November 24, 2017

Zumbo’s Just Desserts on Netflix

With the Great British Baking Show on hiatus, Netflix has added an Aussie baking show called Zumbo’s Just Desserts. Much flashier than its British counterpart, the Zumbo set is reminiscent of Willie Wonka’s Chocolate Factory.

The season starts with twelve contestants of varying ages and both genders. Each program features a general assignment that all current contestants tackle. The two lowest scorers have to undergo a Zumbo test to create insanely complicated dessert creations. The lowest scorer of that competition is eliminated. Like other reality cooking shows, the winner is the last one standing.

The hosts are genius Australian dessertmaker Adriano Zumbo, British cook, writer and broadcaster Rachel Khoo and Gigi Falanga, their outspoken Brazilian cooking assistant.

Some viewers may not like the colorful flash, the quick camera edits and dramatic music this show embraces, but I find the program untaxing and cheery after a rough day. Non-chef that I am, Zumbo’s Just Desserts is a veritable palate-cleanser for me. Sweet indeed.

Riverdale on Netflix and the CW

Veronica, Betty & Archie on the CW’s Riverdale

Riverdale, originally conceived as a movie, took life instead as a tv series on the CW produced by CBS Television Studios and Warner Bros. Based on the Archie Comics, the main characters would be familiar to anyone who has ever read the iconic comic strip or one of the Archie comic books.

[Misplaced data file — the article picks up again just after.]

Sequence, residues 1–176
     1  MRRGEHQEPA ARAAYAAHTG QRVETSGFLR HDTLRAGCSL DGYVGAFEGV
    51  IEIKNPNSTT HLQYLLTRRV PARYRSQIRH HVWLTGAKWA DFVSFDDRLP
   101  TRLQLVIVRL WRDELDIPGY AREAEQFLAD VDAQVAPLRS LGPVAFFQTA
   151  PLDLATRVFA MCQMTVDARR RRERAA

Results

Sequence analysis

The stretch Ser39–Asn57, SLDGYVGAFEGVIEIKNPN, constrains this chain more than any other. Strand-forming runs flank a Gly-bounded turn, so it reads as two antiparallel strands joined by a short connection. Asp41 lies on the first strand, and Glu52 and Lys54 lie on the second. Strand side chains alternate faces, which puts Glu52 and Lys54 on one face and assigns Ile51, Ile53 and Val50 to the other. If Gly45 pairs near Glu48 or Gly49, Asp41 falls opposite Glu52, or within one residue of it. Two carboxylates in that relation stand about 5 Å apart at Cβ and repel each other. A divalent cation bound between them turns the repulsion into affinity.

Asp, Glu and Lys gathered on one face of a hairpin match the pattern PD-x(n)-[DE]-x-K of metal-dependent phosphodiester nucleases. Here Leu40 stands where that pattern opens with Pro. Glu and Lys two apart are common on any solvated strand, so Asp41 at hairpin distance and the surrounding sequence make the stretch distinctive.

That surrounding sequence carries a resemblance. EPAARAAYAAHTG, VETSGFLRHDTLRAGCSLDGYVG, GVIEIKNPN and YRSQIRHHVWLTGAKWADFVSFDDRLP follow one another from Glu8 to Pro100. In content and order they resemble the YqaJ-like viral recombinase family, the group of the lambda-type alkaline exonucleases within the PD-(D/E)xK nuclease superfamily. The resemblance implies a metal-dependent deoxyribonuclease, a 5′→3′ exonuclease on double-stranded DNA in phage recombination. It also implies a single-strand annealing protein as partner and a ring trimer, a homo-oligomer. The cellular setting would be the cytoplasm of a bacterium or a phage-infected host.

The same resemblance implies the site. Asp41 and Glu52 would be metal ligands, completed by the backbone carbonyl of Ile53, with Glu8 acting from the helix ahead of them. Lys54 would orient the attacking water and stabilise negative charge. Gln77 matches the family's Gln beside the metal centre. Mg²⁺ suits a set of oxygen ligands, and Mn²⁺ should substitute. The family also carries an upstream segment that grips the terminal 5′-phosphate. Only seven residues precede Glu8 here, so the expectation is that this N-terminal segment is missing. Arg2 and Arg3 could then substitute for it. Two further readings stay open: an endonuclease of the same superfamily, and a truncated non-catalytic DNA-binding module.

KJ Apa, a New Zealander who won the worldwide contest to play the red-headed Archie is amazing, as is Lili Reinhart embodying the blonde ponytailed Betty, the raven-haired Veronica brought to life by Camila Mendes and Cole Sprouse as the endearing loner, hat-wearing Jughead Jones.

The episodes are far darker than any comic book story line, however, with murder, teacher-student sexual relationships, teen pregnancy, drug-dealing, gang activity and financial skullduggery being essential points in the over-arching plot.